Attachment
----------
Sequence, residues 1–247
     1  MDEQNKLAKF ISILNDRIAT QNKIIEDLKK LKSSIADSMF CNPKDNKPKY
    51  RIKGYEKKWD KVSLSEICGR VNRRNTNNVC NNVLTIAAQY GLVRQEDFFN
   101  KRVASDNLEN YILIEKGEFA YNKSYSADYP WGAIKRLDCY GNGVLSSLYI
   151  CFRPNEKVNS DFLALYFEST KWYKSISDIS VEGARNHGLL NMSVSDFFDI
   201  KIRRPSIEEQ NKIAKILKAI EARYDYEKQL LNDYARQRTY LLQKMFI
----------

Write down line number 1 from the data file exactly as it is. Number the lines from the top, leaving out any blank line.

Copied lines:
Sequence, residues 1–247